In comes Vidal v. Elster.  As Mr. Steed explained, Mr. Elster, spurred by a remark made by Senator Marco Rubio during a 2016 presidential primary debate, sought to register the phrase “TRUMP TOO SMALL” to sell T-shirts.  But the USPTO rejected the registration, citing potential confusion with the former president’s identity.  The pivotal question raised is whether this denial infringed Mr. Elster’s right to free speech, particularly when criticizing a public figure.

During the discussion, panelists pondered the impact of the decision on speech, emphasizing that Mr. Elster can still sell shirts with the controversial phrase, and therefore the denial of trademark registration restricts exclusivity, not his ability to engage in the commercial activity of selling t-shirts emblazoned with the phrase.  As Mr. Steed noted, a ruling that sweeps too broadly could have the perverse effect of restricting speech, as granting a trademark to Mr. Elster would prevent anyone else from using the phrase.  The panelists’ debate delved into the broader implications of allowing such phrases to be trademarked, potentially limiting the use of language critical of public figures.  The panelist also remarked that during the oral argument, which took place the day before the panel, the justices’ focus on the “public figure” factor added another layer of complexity to the case, prompting speculation about its broader implications.

Led by Mr. Elwood, the panel then shifted gears to discuss what may be two of the seminal cases of the 2023 Term, Loper Bright Enterprises v. Raimondo and Relentless, Inc. v. Department of Commerce, which navigate the choppy waters of Chevron deference.  On the surface the cases may seem mundane: they involve an agency rule that obligates fishing vessel owners to cover the costs of government-mandated observers aboard their vessels.  The fishing companies challenged the rule, arguing that it overstepped the bounds of the Magnuson-Stevens Act, which does not itself impose a duty on fishing companies to pay for government-mandated observers.  The Chevron doctrine, which grants agencies interpretive authority and requires courts to defer to reasonable agency interpretations of ambiguous statutory provisions, played a key role in the lower courts’ decisions.  The question posed to the Supreme Court challenges the continued application of Chevron deference or, at the least, seeks clarification of when it should apply when a statute is silent on the issue.  

As panelists, including Mr. Elwood noted, Chevron is a 40-plus year-old precedent and the “third most cited case in history.”  Because agency rules and regulations govern virtually every aspect of personal and commercial life, the panelists’ emphatic concerns about the status of Chevron were not hyperbolic.  They noted the 70 or so amicus briefs filed in the case, and the likelihood that the Court granted certiorari in Relentless, which presents the identical issue based on substantially similar facts, because Justice Jackson is recused from Loper (decided when she was on the D.C. Circuit), and the weight of its potential ruling warrants participation by all nine members of the Court.  The real issue then, according to the panelists, is whether Chevron’s demise will be death by a thousand cuts or sharp push off a high cliff.

The panel discussed another case likely to rattle the administrative state, Consumer Financial Protection Bureau v. Community Financial Services Association of America, Limited.  This case involves the funding mechanism for consumer watch dog agency the Consumer Financial Protection Bureau (CFPB).  In June 2020, the CFPB issued a new Payday Lending Rule after the Supreme Court decided Seila Law LLC v. CFPB.  This new rule stirred the waters by rescinding the original rule’s underwriting provisions while keeping its payment provisions intact.  Two associations representing companies subject to the regulation responded by challenging the law on several grounds, including that the CFPB’s funding mechanism infringes the Appropriations Clause and the separation of powers.  The crux of their argument is that the CFPB, in its insulated state, operates without sufficient congressional supervision.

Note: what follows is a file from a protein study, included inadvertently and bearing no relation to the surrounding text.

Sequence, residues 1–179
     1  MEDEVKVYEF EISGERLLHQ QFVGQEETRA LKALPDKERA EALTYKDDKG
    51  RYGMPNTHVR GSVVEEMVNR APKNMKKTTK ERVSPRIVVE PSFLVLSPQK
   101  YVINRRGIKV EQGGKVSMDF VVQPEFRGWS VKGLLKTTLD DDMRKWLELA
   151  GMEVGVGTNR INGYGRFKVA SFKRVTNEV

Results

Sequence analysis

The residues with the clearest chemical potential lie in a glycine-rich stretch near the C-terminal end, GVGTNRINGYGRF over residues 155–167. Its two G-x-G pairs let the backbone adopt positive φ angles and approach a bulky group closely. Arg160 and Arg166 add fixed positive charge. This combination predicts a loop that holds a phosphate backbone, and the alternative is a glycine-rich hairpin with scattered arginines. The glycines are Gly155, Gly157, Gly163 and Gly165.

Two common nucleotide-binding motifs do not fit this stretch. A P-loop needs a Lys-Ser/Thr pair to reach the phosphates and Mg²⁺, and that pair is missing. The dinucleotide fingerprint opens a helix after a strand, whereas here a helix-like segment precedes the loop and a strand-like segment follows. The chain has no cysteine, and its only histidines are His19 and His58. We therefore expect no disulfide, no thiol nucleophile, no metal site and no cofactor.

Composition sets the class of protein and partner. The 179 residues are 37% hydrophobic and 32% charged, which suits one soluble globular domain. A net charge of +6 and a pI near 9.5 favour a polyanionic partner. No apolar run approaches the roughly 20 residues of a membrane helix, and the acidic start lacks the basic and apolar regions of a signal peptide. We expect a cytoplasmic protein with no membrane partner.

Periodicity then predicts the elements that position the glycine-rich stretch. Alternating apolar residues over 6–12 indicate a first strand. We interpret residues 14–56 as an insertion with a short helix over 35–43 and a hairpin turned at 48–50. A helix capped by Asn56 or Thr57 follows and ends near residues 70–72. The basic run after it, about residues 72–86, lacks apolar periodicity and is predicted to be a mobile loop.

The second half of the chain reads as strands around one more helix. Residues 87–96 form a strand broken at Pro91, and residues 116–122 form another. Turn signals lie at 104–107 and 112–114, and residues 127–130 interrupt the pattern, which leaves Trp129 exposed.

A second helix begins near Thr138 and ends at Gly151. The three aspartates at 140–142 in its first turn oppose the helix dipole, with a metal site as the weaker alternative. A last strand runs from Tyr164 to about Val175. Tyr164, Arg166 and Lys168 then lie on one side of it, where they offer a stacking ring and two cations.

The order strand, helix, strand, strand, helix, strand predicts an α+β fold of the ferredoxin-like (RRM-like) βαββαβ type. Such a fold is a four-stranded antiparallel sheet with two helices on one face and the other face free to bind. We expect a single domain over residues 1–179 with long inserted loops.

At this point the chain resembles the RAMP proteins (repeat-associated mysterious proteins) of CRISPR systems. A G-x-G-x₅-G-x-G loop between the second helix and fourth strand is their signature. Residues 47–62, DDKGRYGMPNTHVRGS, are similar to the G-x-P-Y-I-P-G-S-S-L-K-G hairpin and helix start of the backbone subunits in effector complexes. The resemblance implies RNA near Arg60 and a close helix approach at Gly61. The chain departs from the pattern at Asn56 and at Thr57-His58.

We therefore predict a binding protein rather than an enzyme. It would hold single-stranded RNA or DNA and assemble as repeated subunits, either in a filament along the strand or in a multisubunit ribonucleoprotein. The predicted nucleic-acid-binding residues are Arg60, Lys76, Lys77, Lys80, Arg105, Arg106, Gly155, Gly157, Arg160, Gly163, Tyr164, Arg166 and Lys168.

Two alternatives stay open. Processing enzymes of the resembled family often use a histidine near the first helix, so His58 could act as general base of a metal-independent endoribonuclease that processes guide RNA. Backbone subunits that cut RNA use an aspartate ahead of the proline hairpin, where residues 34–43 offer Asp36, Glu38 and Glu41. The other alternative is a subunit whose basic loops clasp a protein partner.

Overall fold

As Ms. Goldberg explained, the rationale for the new rule is arguably rooted in the Appropriations Clause argument that funds cannot be disbursed from the Treasury without explicit congressional approval, and as long as a statute caps the funds an agency can receive, there is no violation of the Appropriations Clause.  She also noted the mixed-bag created by the circuit court’s ruling upholding the Payday Lending Rule’s payment provisions as within the CFPB’s statutory authority, while also siding with the associations view that the Bureau’s funding mechanism, as outlined in 12 U.S.C. 5497, violates the Appropriations Clause and the principles of separation of powers because a mere funding source and spending authority do not suffice; an explicit appropriation is imperative.  As the panelists explained, echoing questions posed by the justices during oral argument in October, the pivotal question that looms over this legal battle is whether the Supreme Court will determine that the statute providing funding to the CFBP violates the Appropriations Clause, setting the stage for a legal showdown, with profound implications for the regulatory landscape and the powers vested in financial oversight agencies.

The panel next turned the spotlight to SEC v. Jarkesy, a case that may determine the SEC’s regulatory authority and ability to enforce penalties through administrative actions.  Mr. Elwood walked the audience through this legal saga in which Mr. Jarkesy, accused of securities law violations, found himself in the crosshairs of the SEC.  The allegations ranged from misrepresentation to inflating fund values, ultimately leading to a legal battle challenging the SEC’s administrative proceedings on constitutional grounds.  The plot thickened with Mr. Jarkesy’s hedge funds amassing a hefty $24 million in assets.  The SEC claimed securities law violations, including false claims about audit firms and prime brokers.  Despite challenges, the SEC pressed on with administrative proceedings.  As Ms. Elwood noted, the drama took a turn after the Supreme Court’s Lucia v. SEC decision, highlighting issues with the appointment of Administrative Law Judges (ALJs).